Sermon Text: Control
Start with a story...that’s a good plan for a summertime sermon.
Once upon a time, there was an old man on the island of Crete. He loved that Mediterranean island with all his heart. When he was on his deathbed, he had his sons carry him outside and put him down on his beloved land. Just as he was about to take his last breath, he clutched some soil in his right hand.
And the next moment, he was before the gate of heaven. God came out to greet him. God looked like a white-bearded man. “Welcome,” God said,” come into the joys of heaven!” As the old man started through the gate, God said, “Please...you must let the soil go.” The old man stepped back and said, “Never! Never!” God went sadly into heaven, leaving the old man outside the gate.
A long time went by. God came out again. This time, God looked just like an old drinking buddy from the man’s youth. They had a few drinks together, and told some old stories and jokes. Then God said, “All right, old friend, now it’s time to enter heaven. Let’s go.” They started for the gate. But once again, God requested the old man to let go of the soil Once more the old man refused, and stayed outside.
An even longer time went by. God came out again. This time, God looked like a sweet and playful granddaughter. “Oh, Grandpa, you’re so wonderful! And we all miss you Please come inside with me!” The old man nodded, and she helped him get up.
By this time, standing outside the gate of heaven for so long, the man’s hands had become very weak and gnarled. His right hand still held the soil from his beloved Crete, but he had to prop it up with his left hand. They moved toward the gate of heaven.
Finally, the old man’s strength gave out. His gnarled fingers could no longer stay clenched in a fist. The soil from his homeland sifted out between his fingers. And then his hands were empty. The little girl who was God took his hand and led him into heaven.
The first thing he saw was his beloved island.
What do we cling to?
What do we clutch?
Is it worth it?
Seems to me we cling to the idea that we are in control. We clutch the desire to be in charge. But we are not.
Stuff happens that we cannot control or change. We need to learn to let go, like the old man finally did. We need to loosen our grip.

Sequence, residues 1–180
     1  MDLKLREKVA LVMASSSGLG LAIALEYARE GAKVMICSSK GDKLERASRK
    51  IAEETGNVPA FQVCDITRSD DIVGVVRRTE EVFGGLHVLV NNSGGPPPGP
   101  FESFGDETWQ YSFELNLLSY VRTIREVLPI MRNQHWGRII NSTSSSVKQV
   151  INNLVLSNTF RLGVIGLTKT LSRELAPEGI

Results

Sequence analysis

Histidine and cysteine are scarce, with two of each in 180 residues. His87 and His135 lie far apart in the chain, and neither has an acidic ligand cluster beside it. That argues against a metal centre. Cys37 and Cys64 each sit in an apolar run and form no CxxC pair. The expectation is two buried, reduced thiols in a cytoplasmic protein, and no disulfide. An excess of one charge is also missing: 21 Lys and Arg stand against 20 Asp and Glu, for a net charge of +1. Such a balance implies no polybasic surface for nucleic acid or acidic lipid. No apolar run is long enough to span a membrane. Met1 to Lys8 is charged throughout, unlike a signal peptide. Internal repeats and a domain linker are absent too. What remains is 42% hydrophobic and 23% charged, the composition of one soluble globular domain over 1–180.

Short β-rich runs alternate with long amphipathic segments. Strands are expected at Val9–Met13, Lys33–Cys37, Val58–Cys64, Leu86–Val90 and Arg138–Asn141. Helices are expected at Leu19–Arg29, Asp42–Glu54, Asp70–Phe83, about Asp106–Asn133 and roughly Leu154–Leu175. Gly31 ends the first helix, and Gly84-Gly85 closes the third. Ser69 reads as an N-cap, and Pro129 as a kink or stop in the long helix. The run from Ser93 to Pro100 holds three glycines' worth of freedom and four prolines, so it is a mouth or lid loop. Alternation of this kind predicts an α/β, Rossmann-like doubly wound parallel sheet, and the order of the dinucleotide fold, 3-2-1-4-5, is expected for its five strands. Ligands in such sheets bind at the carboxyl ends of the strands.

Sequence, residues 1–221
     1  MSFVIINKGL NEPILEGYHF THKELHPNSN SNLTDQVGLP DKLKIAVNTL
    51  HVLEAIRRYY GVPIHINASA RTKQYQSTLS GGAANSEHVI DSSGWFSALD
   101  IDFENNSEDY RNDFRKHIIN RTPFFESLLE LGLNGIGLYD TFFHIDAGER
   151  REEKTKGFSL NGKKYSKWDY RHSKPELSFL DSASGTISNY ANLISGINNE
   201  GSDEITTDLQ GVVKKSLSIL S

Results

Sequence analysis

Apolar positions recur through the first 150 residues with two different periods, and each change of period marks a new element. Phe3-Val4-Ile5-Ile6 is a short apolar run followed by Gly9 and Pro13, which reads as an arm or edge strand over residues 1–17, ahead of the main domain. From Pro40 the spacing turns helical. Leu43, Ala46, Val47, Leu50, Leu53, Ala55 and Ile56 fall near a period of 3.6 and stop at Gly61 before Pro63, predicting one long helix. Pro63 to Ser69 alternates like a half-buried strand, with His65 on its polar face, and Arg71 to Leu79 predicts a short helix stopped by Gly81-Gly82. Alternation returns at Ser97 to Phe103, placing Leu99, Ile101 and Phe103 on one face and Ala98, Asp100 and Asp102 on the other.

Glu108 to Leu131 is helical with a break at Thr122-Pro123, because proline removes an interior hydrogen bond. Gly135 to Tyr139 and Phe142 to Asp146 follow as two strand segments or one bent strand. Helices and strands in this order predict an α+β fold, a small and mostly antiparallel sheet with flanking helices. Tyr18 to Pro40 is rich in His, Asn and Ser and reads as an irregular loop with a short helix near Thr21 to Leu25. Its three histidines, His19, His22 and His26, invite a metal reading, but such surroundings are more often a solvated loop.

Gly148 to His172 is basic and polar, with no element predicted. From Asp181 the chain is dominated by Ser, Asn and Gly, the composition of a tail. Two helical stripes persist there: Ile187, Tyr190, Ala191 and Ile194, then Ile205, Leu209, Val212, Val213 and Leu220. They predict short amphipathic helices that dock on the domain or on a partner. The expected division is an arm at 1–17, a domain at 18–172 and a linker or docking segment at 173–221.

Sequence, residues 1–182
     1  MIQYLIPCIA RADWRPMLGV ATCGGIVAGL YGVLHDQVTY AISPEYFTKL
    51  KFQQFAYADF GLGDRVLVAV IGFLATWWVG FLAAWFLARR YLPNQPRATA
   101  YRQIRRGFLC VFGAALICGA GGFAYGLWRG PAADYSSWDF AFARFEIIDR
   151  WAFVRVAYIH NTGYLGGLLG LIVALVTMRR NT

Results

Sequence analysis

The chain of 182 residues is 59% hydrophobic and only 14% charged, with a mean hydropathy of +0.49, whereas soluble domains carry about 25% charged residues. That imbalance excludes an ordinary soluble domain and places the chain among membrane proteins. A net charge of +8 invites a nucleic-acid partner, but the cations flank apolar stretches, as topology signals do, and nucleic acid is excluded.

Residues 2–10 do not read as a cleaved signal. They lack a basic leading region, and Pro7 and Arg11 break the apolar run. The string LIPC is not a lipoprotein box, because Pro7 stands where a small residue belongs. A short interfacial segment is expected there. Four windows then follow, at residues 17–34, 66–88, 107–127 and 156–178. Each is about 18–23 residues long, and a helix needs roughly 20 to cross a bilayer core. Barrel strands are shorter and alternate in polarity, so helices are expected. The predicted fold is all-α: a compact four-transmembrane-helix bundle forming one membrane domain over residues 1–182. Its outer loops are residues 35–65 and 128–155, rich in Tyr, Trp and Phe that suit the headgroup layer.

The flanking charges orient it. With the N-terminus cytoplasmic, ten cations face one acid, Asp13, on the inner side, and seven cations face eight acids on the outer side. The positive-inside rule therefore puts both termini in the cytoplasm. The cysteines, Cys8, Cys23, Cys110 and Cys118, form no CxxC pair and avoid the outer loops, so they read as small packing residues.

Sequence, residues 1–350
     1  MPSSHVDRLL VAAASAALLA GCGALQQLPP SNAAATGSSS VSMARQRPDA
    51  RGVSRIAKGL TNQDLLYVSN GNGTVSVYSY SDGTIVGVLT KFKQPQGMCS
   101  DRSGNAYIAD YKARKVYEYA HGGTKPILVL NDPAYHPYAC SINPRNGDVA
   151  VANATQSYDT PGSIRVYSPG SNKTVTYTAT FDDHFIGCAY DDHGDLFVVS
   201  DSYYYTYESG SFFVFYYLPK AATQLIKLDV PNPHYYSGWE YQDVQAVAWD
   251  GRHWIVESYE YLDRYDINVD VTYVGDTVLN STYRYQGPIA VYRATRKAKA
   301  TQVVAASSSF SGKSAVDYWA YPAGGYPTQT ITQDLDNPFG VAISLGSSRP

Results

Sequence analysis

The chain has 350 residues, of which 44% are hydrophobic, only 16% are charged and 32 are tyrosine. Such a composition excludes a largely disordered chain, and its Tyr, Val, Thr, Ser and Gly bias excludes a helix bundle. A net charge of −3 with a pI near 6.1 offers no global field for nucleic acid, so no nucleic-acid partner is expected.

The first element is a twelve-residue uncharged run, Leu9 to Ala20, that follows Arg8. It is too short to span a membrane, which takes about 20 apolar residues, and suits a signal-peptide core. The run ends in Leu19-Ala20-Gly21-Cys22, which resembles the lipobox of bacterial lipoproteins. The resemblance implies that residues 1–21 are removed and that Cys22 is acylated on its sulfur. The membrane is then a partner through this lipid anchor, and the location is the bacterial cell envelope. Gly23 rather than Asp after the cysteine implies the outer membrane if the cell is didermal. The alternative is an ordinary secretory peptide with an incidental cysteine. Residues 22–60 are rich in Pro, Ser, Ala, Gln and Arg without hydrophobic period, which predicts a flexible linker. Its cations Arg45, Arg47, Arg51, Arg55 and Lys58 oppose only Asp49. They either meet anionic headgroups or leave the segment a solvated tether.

Alcoholics Anonymous has a wise slogan: “Let go and let God.” My daughter the baby Buddha has told me, “Daddy, let it go...go with the flow.” And in the prayer Jesus taught us to pray, we say, “Thy will be done.” Not my will, but your will. Jesus prayed that prayer himself in a garden as he faced death.
Today, Luke tells us, Jesus gets a welcome in the home of Martha. When we picture this story, we should think of Jesus sitting down on a stool or bench or a chair. He was teaching as a rabbi, and that’s how rabbis taught back then — sitting down. There are other places in the Gospels which say something like “the people gathered around, and Jesus sat down and taught them.”
So we see Jesus sitting down, and Mary sitting on the floor, at his feet, listening. And when Martha comes in, all flustered, the text says that she stands in front of him.
So you’ve got Mary sitting on the floor, Jesus sitting on a stool or bench or chair, and Martha towering over both of them, probably with her hands on her hips.
Jesus loves Martha, but you can see how he wants her to change a bit. She thinks she is in charge. She believes she is in control.
Listen to what she says: “Lord, don’t you care that MY sister has left ME to do all the work by MYSELF? Tell her to come and help ME.” Can you hear it? “My...me...myself..
..me.” This is a control-freak.
And I can’t look down on her, because I am one, too. I’m working on it. I hope I am a recovering control freak. But I have a long way to go...just ask Paula.
I need to keep saying some words over and over: Thy will be done...Let go and let God...Let it go, go with the flow.
I might as well learn:
I’m really not in charge.
I’m really not in control.
And neither are you.
If we can learn the lesson, we’ll win a jackpot: peace, contentment, and freedom.
I think it’s worth the effort.